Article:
National Webcast Initiative
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National Webcast Initiative. June 22, 2004 3:00pm – 4:00pm Eastern. National Webcast Initiative. Joint Partnership between MS-ISAC and DHS US-CERT Coordinated through the New York State Office of Cyber Security and Critical Infrastructure Coordination and the New York State Forum.

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National webcast initiative

National Webcast Initiative

June 22, 2004

3:00pm – 4:00pm Eastern


National webcast initiative

National Webcast Initiative

  • Joint Partnership between MS-ISAC and DHS US-CERT

  • Coordinated through the New York State Office of Cyber Security and Critical Infrastructure Coordination and

  • the New York State Forum

William F. Pelgrin


National webcast initiative

Accenture

AT&T

Aon

Computer Associates

CDW-G

CGI

CMA

D&D Consulting

Ernst & Young

Gartner

HP

IIC

Jay Dee Systems

Keane

Microsoft

Nortel Networks

Novell

NYSTEC

Oracle

SAIC

SAS

Sybase

Symantec

Veritas

Current Listing of Vendors Interested In Participation

This listing will continue to evolve over time


National webcast initiative

Webcast Attendees

  • Federal Government

  • 44 states

  • 120 local governments

  • Academia

  • International- Canada


National webcast initiative

Today’s Agenda

3:00pm-3:15pm

  • Introduction of Cyber Security Webcast Program

    • William Pelgrin, Chair of the Multi-State ISAC; Director, New York State Office of Cyber Security and Critical Infrastructure Coordination

  • Opening Remarks

    • Howard Schmidt,Chair, National Cyber Security Summit Awareness Task Force; Vice President and Chief Information Security Officer, eBay

    • Amit Yoran,Director, National Cyber Security Division, US Department of Homeland Security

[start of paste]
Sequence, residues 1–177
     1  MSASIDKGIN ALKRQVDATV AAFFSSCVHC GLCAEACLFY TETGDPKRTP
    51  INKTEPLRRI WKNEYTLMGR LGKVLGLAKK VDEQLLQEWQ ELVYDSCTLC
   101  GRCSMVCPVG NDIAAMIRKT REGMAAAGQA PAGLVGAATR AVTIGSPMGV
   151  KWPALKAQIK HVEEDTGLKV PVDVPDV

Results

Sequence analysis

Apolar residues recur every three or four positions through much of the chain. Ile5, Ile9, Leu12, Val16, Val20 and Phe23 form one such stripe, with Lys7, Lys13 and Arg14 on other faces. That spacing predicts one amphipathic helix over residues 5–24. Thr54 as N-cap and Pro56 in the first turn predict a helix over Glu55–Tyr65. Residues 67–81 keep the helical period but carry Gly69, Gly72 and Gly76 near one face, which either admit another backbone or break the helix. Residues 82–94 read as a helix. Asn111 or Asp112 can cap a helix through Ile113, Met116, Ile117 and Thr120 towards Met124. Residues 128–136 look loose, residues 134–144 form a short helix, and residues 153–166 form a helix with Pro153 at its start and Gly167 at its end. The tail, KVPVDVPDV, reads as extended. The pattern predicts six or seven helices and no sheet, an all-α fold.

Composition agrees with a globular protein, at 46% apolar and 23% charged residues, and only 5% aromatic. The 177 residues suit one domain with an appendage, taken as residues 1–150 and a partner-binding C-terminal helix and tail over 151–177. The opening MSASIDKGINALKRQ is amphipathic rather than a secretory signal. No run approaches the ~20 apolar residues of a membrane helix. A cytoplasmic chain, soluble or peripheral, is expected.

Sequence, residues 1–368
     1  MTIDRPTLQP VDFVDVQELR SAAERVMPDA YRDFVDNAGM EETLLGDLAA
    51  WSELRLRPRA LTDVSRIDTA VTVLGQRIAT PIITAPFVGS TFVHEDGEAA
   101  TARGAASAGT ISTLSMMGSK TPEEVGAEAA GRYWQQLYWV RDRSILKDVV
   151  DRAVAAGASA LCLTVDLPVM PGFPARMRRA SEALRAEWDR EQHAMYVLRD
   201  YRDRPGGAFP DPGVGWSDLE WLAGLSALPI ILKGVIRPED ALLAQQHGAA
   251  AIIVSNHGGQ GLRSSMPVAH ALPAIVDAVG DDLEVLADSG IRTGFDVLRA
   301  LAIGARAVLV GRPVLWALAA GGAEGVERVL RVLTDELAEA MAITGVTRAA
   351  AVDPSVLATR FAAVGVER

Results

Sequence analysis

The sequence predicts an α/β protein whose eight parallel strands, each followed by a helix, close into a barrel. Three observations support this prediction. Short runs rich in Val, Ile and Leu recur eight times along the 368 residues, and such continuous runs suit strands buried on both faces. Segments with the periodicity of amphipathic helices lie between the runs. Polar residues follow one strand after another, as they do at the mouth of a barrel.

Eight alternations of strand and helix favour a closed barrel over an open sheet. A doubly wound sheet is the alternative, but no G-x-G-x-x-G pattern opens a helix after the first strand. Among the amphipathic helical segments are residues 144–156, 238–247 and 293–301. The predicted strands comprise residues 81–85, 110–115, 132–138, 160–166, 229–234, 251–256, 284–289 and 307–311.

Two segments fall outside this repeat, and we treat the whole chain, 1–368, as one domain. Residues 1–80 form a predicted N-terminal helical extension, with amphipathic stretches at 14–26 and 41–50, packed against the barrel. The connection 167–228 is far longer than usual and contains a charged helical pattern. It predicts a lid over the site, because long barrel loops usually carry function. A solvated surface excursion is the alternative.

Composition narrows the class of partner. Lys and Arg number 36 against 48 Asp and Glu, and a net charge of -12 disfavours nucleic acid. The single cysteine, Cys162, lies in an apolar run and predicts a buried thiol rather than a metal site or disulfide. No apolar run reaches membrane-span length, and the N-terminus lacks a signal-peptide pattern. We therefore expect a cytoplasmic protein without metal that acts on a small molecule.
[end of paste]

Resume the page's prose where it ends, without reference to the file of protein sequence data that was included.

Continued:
• Cyber-Security: Three Things You Should Have Done Yesterday and Three Things You Should Do Today

    • Barbara Chung,Senior Technology Specialist, National Technology Team, Microsoft Corporation

3:15pm-4:00pm


National webcast initiative

National Cyber Security Webcast Initiative

  • National Strategy to Secure Cyberspace - February 2003

    Toengage and empower Americans to secure the

    • portions of cyberspace that they own, operate,

    • control, or with which they interact.

      • Town Hall Sessions Across the Country

  • National Cyber Security Summit Awareness Task Force – December 2003

    charged with implementing the National Strategy

    • Five Task Forces established:

      Awareness and Education

  • Cyber Security Early Warning

  • Corporate Governance

  • Technical Standards/Common Criteria

  • Software

Howard Schmidt


National webcast initiative

National Cyber Security Webcast Initiative

Howard Schmidt

  • National Cyber Security Summit Awareness Task Force

  • The Webcast Initiative is a joint partnership between US-CERT and the Multi-State ISAC

  • Webcast sessions will feature variety of cyber security topics – technical and non-technical

  • Goal is to conduct four to six sessions annually

  • Sessions will be archived

  • Collaborative effort with the vending community


National webcast initiative

US-CERT

US-CERT is, as a public-private partnership, charged with improving computer security and preparedness and response to cyber attacks. US-CERT provides a mechanism to link public and private cooperative efforts to help protect and maintain the continuity of our Nation’s infrastructures.

The US-CERT Watch is the nation’s focal point for preventing, protecting against, and responding to cyber security threats and vulnerabilities. The Watch interacts with all federal agencies, private industry, the research community, state and local governments, and others on a 24x7 basis to disseminate reasoned and actionable cyber security information.

Amit Yoran


National webcast initiative

US-CERT